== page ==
Jan 09, 2013 05:10 AM EST
DOE Launches Program To Expand Global Knowledge of Students
In an attempt to help students succeed better on the professional front, the US Department of Education will tie up with other countries to gain global views on varied subjects and topics through its 'Succeeding Globally through International Education and Engagement' program.
Through this program the department aims to improve its education system and its foreign relations as well.
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This program is applicable for students from kindergarten through college.
"Our interconnected world stage requires us to look outwards as we work to develop globally competent students who can compete for good jobs, work to address global challenges like climate change and health epidemics, as well as support our national security and diplomacy," Maureen McLaughlin, senior adviser to the secretary of education and DOE director of international affairs told University World News.
This strategy, which expires December 2016, will encourage students to take up subjects such as arts, civics, geography and history and enhance their foreign language skills to gain different points of view on world issues.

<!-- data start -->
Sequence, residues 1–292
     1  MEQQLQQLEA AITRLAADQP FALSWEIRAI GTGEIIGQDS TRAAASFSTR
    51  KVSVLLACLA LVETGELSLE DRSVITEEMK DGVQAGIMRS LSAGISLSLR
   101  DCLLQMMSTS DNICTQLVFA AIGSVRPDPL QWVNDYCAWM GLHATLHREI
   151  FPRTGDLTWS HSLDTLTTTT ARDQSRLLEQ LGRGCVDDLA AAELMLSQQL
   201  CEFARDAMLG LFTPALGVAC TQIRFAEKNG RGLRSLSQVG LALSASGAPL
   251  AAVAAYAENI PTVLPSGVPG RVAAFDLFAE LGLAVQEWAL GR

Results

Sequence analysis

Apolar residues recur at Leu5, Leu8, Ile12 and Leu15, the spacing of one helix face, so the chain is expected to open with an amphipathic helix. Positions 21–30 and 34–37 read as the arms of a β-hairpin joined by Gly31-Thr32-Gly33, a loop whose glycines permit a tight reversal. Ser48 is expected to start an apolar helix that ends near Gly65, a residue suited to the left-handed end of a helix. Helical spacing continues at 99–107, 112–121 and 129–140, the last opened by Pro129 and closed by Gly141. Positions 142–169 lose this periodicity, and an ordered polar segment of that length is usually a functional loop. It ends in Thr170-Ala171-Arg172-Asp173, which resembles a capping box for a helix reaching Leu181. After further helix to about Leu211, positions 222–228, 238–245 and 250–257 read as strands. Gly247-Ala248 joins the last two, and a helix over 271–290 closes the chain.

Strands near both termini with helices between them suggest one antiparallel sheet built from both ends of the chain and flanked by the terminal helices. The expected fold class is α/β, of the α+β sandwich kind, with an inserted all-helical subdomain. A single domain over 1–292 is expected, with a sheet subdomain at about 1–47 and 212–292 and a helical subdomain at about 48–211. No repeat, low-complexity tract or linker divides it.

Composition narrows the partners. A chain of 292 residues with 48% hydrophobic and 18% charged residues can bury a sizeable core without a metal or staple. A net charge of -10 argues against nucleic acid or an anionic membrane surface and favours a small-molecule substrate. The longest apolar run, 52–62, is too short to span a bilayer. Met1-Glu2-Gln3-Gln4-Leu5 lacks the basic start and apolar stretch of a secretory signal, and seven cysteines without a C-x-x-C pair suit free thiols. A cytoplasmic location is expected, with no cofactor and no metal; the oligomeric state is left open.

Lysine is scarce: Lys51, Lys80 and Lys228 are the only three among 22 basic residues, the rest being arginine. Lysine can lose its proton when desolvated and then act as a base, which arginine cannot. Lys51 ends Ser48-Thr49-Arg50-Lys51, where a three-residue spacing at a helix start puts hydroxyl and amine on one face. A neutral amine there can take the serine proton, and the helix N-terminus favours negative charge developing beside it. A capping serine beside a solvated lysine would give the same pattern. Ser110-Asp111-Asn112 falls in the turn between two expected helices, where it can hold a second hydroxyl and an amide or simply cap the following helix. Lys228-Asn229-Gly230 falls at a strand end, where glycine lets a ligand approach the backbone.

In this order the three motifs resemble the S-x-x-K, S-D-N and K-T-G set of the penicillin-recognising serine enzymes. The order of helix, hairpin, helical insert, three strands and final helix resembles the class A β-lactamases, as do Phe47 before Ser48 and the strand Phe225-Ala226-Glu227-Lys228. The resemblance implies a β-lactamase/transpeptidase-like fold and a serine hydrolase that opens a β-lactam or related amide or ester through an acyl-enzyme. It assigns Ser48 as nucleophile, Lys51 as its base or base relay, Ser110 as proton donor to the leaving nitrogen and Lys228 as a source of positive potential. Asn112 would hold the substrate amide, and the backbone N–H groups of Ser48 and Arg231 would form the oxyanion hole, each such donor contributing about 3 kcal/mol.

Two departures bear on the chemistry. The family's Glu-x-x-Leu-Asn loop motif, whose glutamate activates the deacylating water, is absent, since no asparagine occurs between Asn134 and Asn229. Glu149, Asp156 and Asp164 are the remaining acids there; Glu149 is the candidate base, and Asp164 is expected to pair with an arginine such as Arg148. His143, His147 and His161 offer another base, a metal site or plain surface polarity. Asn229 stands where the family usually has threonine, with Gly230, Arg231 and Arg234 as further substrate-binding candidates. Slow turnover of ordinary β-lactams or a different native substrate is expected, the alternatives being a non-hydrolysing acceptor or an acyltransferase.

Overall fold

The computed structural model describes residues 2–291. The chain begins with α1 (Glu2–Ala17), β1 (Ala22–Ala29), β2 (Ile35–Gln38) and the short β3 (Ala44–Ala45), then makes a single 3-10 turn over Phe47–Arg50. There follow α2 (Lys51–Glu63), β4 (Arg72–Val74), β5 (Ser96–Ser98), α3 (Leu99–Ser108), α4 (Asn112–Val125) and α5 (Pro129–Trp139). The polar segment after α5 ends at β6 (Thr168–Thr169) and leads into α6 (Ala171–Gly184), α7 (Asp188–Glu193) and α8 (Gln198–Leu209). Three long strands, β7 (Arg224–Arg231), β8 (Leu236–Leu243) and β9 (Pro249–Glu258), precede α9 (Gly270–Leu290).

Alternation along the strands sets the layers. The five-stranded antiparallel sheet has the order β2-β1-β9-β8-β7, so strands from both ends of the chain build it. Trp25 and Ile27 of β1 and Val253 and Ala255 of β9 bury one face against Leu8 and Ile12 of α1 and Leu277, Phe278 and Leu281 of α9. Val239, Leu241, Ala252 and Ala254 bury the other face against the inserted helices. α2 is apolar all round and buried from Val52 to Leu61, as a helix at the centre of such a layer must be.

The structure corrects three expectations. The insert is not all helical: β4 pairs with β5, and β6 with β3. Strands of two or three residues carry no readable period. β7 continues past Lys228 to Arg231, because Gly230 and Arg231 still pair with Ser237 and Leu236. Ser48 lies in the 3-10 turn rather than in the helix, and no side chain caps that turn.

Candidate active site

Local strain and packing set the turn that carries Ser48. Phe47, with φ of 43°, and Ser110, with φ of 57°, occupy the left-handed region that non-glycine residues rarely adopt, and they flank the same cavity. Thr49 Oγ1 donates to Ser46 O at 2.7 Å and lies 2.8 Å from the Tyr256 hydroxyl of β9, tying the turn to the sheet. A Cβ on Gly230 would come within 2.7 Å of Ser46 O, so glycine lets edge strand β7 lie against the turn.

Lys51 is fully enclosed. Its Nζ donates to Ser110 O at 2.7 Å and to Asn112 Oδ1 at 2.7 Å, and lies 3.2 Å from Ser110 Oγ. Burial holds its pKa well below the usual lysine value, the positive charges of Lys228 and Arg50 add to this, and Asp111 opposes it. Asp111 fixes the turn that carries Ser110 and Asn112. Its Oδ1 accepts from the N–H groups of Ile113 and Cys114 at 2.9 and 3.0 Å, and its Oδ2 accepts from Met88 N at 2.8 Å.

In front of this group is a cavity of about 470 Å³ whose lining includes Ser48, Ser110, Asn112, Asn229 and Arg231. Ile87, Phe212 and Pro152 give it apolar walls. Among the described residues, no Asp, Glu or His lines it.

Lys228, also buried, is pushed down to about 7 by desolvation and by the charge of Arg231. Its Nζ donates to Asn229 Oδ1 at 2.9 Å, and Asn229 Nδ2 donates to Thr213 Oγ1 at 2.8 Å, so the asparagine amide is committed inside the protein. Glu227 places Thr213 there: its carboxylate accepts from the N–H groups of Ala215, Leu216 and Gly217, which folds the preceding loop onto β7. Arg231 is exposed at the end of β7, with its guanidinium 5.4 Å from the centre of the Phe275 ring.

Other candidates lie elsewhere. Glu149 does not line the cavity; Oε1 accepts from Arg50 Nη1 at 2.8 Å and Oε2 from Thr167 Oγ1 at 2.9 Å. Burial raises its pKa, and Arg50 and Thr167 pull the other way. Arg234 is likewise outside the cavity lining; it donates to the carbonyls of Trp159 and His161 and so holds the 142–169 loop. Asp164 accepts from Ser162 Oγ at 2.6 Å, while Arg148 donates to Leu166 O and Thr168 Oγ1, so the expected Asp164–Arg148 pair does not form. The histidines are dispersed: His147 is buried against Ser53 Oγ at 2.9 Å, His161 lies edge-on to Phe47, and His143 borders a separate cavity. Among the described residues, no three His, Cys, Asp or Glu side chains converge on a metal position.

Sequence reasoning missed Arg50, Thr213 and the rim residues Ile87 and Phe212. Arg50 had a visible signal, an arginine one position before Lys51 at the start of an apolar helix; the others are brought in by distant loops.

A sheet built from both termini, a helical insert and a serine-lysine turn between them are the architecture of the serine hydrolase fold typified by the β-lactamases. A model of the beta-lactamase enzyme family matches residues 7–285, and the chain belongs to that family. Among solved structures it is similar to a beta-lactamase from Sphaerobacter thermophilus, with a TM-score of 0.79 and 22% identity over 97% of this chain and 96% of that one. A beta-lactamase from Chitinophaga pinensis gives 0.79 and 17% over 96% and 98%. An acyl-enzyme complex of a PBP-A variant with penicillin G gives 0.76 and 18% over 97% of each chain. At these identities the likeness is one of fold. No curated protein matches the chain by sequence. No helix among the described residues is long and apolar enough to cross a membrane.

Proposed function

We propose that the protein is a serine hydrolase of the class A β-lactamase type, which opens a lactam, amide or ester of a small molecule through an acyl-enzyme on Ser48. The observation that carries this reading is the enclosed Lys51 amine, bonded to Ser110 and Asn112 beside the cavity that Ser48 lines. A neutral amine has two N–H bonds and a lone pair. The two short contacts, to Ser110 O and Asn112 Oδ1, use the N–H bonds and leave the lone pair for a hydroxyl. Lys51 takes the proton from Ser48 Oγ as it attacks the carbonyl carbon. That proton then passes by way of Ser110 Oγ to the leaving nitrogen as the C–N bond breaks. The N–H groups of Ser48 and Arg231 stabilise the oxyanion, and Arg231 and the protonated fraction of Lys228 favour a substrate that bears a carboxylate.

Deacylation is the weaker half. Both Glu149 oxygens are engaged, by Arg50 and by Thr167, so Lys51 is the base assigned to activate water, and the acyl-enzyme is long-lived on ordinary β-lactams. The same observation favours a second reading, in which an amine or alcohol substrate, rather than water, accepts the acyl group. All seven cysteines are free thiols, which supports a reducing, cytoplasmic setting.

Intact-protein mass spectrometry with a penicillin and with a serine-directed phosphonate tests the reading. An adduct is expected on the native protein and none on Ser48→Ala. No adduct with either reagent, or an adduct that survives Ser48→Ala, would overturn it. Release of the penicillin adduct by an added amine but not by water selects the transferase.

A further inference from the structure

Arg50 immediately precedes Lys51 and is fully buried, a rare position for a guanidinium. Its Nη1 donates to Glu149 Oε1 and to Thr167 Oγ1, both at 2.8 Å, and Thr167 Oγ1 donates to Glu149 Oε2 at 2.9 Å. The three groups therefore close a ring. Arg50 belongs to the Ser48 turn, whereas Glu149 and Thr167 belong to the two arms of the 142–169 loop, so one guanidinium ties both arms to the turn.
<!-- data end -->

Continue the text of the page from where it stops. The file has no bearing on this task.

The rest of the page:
As a result, students can easily compete with their peers around the world and become capable of discussing global issues such as natural disasters, climate change and acquire the ability to communicate and work with foreigners.
"For the United States to be a really active and vital participant, we must have students who are prepared to interact with people from all over the world," Patti Peterson, American Council of Education (ACE) presidential adviser on internationalization and global engagement, told the website.
Peterson also said that these days companies are looking out for students with fluid and adaptable qualities.
There is already a collaboration with China to increase the number of Chinese and American students in each other's countries through its '100,000 Strong Initiative' program.
"I am convinced that education leaders can better boost student learning by working together and sharing best practices, than by working alone," Arne Duncan, DOE secretary of education, told the website.
Earlier, courses on foreign countries' languages, culture and political ideologies were eliminated in many universities due to budget cuts.